TWO OLD SOLDIERS – 50 YEARS LATER
(by Ed Pippenger)
Could it happen? Two young soldiers living only yards apart in 1950 in a foreign land,
and never meeting, find each other more than 50 years later via the Internet and the
telephone? IT HAPPENED!! An Email from Ed. To John 9 years ago. Ed. passed away back in 2010.
I was a twenty year old “buck sergeant” serving with the 2nd Battalion, 34th Infantry
Regiment, 24th Infantry Division, in Camp Ainura outside of Sasebo in the Nagasaki
Prefecture of Kyushu Japan, in the early months of 1947. A part of my battalion was
called upon to serve as a security force in the city of Kobe that summer, so I and my
buddies after a long and miserable train ride arrived in Kobe to take up our duties.
Headquarters Company was “beefed up’ with troops from a couple of the line
companies for this mission. Arriving in Kobe we were quartered in a group of
Quonset huts in East Camp, just inside the front gate on the left side of the road, and
directly across the road from the command stockade.
I had an 870 MOS (Chemical Warfare NCO) and was assigned to Headquarters
Company. In Camp Ainura I was the NCO in charge of the regimental ammo dump.
After arriving in Kobe I was assigned to the S-2 office and was not part of the
security guard that pulled guard duty around the city of Kobe and the piers. But I
didn’t get out of guard duty all together. Every other day I was the “Sergeant of the
Guard” for the camps interior guard force. Corporals of the guard and privates of
the guard were made up of troops from the quartermaster and ordnance companies,
and other service companies quartered in East Camp.
Let me digress here to point out a feature of the Army that people reading this in the
21st Century may be ignorant of. Up until 1948 when President Truman changed the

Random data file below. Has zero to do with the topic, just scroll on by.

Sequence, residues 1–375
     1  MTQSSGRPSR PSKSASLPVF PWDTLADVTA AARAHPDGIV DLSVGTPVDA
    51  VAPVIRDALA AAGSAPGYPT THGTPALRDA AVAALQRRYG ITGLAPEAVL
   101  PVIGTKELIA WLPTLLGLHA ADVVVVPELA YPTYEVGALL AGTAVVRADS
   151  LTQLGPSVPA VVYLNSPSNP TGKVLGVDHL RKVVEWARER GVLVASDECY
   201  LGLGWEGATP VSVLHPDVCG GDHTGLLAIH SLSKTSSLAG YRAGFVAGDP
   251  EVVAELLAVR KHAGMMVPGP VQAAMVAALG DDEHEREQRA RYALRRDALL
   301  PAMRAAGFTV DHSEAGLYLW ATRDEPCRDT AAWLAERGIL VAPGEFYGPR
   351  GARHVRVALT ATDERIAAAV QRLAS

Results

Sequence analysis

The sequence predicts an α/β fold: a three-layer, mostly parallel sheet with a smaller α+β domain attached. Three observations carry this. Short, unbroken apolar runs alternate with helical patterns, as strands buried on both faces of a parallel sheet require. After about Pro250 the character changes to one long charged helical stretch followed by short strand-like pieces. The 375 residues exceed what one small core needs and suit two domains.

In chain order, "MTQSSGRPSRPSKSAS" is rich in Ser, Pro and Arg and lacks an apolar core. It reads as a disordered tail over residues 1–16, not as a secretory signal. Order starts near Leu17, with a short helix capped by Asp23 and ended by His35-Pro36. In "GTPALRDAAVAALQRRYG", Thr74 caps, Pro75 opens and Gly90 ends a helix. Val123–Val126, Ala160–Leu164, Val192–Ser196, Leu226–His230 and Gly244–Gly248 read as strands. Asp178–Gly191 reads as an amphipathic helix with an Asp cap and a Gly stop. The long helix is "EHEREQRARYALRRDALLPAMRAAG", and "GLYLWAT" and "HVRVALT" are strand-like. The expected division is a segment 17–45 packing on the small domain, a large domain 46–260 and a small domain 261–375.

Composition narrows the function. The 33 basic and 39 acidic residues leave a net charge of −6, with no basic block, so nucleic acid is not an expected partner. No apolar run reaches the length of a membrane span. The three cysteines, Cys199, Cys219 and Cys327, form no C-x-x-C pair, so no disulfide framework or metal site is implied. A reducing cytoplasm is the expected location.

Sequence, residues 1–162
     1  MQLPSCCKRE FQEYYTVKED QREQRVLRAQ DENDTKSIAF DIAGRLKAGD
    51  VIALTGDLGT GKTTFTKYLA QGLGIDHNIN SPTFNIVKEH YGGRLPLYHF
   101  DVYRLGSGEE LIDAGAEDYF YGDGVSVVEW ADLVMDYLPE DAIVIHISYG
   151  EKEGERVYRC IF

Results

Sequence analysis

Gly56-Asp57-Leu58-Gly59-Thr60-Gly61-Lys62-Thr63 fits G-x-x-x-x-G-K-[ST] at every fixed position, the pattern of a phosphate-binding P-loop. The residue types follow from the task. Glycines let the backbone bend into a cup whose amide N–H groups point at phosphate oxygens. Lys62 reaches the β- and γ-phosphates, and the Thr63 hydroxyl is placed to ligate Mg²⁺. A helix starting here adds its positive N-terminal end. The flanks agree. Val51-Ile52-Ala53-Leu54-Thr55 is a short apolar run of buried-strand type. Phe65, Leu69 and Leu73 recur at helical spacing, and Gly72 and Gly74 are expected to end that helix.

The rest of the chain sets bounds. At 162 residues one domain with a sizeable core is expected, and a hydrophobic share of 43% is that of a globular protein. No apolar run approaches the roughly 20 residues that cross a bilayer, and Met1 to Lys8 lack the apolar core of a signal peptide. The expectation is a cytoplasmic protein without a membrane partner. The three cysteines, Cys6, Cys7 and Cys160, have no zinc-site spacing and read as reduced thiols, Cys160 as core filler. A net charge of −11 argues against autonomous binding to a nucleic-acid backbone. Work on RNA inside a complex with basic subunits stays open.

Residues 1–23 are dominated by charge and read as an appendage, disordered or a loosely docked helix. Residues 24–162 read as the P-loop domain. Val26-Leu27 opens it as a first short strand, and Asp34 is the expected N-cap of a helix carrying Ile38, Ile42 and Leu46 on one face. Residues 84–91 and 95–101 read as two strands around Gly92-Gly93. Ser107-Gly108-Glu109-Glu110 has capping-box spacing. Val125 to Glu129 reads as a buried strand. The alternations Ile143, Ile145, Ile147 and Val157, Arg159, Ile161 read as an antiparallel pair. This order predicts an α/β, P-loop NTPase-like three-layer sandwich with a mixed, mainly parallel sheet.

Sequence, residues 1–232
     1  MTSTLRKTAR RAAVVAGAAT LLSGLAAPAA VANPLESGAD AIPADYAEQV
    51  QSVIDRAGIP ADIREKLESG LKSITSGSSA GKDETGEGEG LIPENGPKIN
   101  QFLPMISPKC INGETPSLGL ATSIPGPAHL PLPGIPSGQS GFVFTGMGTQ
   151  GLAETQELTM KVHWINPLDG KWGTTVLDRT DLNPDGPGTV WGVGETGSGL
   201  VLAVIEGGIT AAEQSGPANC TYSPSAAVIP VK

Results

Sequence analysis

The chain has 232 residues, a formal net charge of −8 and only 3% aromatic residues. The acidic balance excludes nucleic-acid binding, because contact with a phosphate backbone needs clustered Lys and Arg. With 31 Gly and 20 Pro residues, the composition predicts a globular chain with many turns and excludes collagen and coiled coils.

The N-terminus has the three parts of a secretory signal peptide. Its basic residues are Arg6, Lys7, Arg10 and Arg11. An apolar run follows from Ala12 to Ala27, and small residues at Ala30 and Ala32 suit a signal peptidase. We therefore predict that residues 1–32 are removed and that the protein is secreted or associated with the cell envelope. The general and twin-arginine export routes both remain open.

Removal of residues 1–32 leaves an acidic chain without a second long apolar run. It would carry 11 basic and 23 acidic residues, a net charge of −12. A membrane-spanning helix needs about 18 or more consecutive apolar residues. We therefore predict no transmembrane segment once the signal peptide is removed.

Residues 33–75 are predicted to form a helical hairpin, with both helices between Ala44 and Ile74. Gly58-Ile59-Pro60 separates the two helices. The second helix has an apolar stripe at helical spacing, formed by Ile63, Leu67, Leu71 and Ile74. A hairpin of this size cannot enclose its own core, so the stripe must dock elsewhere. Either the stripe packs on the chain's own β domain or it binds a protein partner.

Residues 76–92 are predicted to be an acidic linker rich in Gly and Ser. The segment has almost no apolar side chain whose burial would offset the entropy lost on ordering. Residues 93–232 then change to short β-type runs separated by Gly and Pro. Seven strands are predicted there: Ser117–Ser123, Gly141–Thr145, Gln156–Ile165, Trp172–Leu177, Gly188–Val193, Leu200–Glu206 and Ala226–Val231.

order of things, the army was segregated by color. The Negro soldiers (that’s what we
called African Americans at the time) assigned to duties in and around Kobe were
quartered in West Camp, on the “other side of town.”
In the summer of 1948 our battalion was relieved of duty by a battalion from the 24th
Infantry Regiment, 25th Infantry Division. The 25th was headquartered in Osaka and
the 24th battalion was pulling duty in and around the town of Gifu. This battalion was
an all black (Negro) Unit and was quartered in West Camp. Our battalion returned
to Camp Ainura, but I and a number of other troops from the battalion were
assigned to the 24th Division Artillery at Camp Hakata, outside of Fukuoka Prefecture,
Kyushu Japan. I had fallen in love with the city and people of Kobe and wanted
to return if possible. The opportunity presented itself a few months later when my
request for assignment to the Hyogo Military Government Team in Kobe was
approved on the condition that I reenlist for an additional three years. I grabbed at it.
So, in December 1948 I was assigned to a quartermaster company in East Camp to
await my discharge date and subsequent reenlistment. When all of the paper work
was completed I moved out of the tin shack in East Camp and into the Fuji Hotel,
just off Tor Road about a mile away. Pretty luxurious living for an infantry soldier
but I adapted to the new life quickly. I even had my own jeep 24 hours a day since I
was filling the office of team sergeant major. Colonel Gilman K. Crockett was our
commanding officer and one of the finest field grade officers I ever met. He took me